Re: A Day In the life-Lyrics.<BR>

Re: A Day In the life-Lyrics.

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In article <0000062100000D34@prostar.com> murray.melander@prostar.com (Murray Melander) writes:

>TO: HARTFORD@WORLD.STD.COM

>H(>I wasnt alive in the 60's 70's and was wondering what
>H(>this song refers. It talks about the guy from the house
>H(>of lords (parliment?) and about the army and about the
>H(>Blackburn house. Please help this poor, naive, barly
>H(>house-broken youngster.

>Andrew, get out from behind your monitor and go to the library or book
>store and expand your mind the old fashioned way...Read a Book today! :)
>Or you can just keep looking here, I'm sure Saki will post you a 1000
>word treatise on it soon.

Heavens. Can't we do it in less than a thousand? :-)

It appears to me that "A Day In The Life" would be a perfect candidate for cross-generational appeal. It's about a topic that seems to touch just about every disaffected soul, no matter what their age. And it's less important what the historical references are than how the singer/ protagonist responds *to* them. John's ironic ennui sculpts and defines the song's tone---and permits a previously free-form fragment from his compositional compatriot (Paul) to fit into the lyric as if it had always been intended that way...suffusing Macca's simple recollection of running for the bus with subtext upon subtext.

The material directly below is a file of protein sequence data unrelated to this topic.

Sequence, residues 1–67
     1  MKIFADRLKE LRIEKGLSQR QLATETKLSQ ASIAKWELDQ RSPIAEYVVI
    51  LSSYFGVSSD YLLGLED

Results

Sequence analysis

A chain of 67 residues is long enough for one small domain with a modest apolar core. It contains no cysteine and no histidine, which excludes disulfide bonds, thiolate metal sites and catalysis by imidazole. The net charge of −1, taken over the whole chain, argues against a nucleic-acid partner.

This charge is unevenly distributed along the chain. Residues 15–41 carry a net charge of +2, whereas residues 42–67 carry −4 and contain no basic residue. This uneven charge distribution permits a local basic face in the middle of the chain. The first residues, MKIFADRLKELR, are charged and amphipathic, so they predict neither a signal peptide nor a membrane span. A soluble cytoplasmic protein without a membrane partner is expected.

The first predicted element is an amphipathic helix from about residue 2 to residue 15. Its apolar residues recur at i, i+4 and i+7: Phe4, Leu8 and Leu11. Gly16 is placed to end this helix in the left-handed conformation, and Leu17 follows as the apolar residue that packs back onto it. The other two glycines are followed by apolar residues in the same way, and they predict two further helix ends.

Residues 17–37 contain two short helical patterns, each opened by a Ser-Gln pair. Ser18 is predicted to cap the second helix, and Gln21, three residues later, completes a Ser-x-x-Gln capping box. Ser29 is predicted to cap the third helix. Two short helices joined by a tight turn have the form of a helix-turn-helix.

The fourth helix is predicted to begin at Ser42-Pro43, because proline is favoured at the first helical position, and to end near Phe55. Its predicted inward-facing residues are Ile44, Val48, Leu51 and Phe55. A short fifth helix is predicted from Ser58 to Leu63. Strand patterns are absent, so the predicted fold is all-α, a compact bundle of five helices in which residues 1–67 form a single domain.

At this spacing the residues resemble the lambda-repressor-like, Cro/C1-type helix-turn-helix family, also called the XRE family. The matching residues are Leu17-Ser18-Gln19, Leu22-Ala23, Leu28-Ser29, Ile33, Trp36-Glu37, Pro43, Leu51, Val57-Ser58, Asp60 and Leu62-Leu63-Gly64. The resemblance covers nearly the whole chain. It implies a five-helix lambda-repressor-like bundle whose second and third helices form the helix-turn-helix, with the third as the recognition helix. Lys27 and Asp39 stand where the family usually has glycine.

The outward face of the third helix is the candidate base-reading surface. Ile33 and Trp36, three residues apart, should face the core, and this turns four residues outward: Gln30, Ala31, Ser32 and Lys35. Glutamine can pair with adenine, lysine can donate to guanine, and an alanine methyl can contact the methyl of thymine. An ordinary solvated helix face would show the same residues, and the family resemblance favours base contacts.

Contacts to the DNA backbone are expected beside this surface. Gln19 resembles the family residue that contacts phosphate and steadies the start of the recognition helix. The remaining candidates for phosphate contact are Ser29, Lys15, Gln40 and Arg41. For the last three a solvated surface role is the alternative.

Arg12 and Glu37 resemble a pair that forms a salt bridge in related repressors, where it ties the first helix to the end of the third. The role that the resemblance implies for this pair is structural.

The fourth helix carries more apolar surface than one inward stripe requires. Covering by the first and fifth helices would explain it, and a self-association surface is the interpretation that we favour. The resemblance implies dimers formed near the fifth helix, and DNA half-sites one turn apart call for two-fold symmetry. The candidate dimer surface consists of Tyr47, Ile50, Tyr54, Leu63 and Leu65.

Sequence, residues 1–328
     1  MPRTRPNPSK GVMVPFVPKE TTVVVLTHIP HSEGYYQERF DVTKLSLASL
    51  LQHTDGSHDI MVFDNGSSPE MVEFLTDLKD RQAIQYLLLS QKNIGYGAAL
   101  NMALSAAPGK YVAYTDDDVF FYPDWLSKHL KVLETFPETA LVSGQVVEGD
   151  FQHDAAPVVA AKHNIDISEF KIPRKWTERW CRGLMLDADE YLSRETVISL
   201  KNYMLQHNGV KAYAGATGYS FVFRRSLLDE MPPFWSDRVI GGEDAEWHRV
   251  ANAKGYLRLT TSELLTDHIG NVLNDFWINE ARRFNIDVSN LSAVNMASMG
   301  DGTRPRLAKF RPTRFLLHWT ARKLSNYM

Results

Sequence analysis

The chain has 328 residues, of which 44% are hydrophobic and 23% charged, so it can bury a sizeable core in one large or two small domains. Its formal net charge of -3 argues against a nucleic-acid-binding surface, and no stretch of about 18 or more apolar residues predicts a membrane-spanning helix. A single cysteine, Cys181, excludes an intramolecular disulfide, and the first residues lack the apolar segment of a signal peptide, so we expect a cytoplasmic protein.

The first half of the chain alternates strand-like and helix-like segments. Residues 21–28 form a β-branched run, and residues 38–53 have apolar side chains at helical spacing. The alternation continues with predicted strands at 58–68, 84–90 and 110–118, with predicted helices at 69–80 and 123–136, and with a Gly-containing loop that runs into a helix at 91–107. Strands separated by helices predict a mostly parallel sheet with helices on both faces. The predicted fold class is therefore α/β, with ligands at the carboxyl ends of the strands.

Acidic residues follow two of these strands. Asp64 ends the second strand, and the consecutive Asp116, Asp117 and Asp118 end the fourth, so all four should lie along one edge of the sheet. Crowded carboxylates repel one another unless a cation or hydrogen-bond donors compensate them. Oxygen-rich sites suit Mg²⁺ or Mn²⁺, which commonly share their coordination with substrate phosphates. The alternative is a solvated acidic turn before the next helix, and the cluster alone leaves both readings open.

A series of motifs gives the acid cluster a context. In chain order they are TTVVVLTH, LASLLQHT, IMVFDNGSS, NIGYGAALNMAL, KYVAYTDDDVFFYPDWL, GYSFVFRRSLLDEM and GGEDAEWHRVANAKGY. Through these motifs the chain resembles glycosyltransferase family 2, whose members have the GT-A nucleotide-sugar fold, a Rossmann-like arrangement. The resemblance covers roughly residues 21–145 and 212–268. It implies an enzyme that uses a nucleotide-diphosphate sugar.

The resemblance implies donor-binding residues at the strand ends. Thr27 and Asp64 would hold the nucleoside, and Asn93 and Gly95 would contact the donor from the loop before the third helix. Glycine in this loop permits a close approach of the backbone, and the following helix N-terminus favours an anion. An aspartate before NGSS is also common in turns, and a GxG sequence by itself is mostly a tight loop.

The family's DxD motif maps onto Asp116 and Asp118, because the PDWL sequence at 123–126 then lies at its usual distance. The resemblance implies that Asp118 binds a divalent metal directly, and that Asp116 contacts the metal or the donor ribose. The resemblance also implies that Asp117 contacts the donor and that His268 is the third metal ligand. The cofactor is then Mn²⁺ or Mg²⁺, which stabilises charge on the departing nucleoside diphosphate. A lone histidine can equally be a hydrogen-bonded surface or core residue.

Other generations have suffered under similar languor: the Beats (who described themselves as "beat, beaten" by the modern world---they swung not *with* the world's rhythm but well *out* of it); the Lost Generation before them (Fitzgerald, Hemingway, Wilson), looking for Meaning in all the wrong places; the Bloomsbury crowd in England, and perhaps the Pre-Raphaelites before them...all lost to a various extent and looking for their way home. And what currently? Surely you can fill in the blanks? Nirvana? Rap? Someone whose voice is just learning how to rail against life's inequities?

The singer in "A Day In The Life" is bombarded by media---film, newspapers, probably TV and radio as well---but cannot connect to any tragedy reported therein. Either the subject is utter puerility (the holes in the road in Blackburn) or high misfortune (a young gent who had everything, now dead from a car wreck) or blackest commentary (the compulsion to watch the filmic horrors of wartime when everyone else is repulsed). How can one make sense of all this? How can life force us to pick and choose what matters, when it cajoles us relentlessly with images of unutterable senselessness and pain?

The paper tells us a man dies---a good man, one presumes, a lucky man, a fellow ascending into a life of privilege---and within seconds automotive fate absconds with his breath and wealth. And yet no one knows who he really is...or was.

Next the selfsame newspaper is the medium for absurdist reporting: street potholes. The singer extends an irrelevant statistic ("...one twenty-sixth of a hole per person, according to a council survey") to illustrate the spectrum of pointlessness, the range of modern life devalued by journalism (the death of a man, the death of a road)...and the surrealistic puzzle of how many holes would fill a concert hall.